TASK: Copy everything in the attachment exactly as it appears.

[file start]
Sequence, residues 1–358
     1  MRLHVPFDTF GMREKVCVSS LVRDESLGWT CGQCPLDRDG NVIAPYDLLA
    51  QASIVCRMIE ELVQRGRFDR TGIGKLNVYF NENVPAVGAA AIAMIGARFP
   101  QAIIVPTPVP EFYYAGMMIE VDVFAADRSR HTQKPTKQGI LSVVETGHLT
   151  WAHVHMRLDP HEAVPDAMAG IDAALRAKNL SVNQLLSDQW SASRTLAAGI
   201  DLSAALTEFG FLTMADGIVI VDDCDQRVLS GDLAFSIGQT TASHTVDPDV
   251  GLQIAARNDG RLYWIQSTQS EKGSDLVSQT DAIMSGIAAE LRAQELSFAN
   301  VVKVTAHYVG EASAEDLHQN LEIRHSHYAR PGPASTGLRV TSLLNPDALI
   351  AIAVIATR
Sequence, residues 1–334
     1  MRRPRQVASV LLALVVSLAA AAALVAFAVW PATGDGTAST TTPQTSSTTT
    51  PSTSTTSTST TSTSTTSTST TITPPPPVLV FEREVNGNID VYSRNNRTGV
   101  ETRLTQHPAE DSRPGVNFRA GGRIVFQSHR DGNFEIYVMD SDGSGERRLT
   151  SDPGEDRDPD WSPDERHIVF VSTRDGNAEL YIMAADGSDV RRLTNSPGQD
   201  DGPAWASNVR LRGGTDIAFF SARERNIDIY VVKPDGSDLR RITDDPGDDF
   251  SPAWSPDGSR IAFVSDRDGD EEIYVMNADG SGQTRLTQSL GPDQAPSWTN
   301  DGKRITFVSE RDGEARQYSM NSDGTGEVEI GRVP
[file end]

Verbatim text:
Sequence, residues 1–358
     1  MRLHVPFDTF GMREKVCVSS LVRDESLGWT CGQCPLDRDG NVIAPYDLLA
    51  QASIVCRMIE ELVQRGRFDR TGIGKLNVYF NENVPAVGAA AIAMIGARFP
   101  QAIIVPTPVP EFYYAGMMIE VDVFAADRSR HTQKPTKQGI LSVVETGHLT
   151  WAHVHMRLDP HEAVPDAMAG IDAALRAKNL SVNQLLSDQW SASRTLAAGI
   201  DLSAALTEFG FLTMADGIVI VDDCDQRVLS GDLAFSIGQT TASHTVDPDV
   251  GLQIAARNDG RLYWIQSTQS EKGSDLVSQT DAIMSGIAAE LRAQELSFAN
   301  VVKVTAHYVG EASAEDLHQN LEIRHSHYAR PGPASTGLRV TSLLNPDALI
   351  AIAVIATR
Sequence, residues 1–334
     1  MRRPRQVASV LLALVVSLAA AAALVAFAVW PATGDGTAST TTPQTSSTTT
    51  PSTSTTSTST TSTSTTSTST TITPPPPVLV FEREVNGNID VYSRNNRTGV
   101  ETRLTQHPAE DSRPGVNFRA GGRIVFQSHR DGNFEIYVMD SDGSGERRLT
   151  SDPGEDRDPD WSPDERHIVF VSTRDGNAEL YIMAADGSDV RRLTNSPGQD
   201  DGPAWASNVR LRGGTDIAFF SARERNIDIY VVKPDGSDLR RITDDPGDDF
   251  SPAWSPDGSR IAFVSDRDGD EEIYVMNADG SGQTRLTQSL GPDQAPSWTN
   301  DGKRITFVSE RDGEARQYSM NSDGTGEVEI GRVP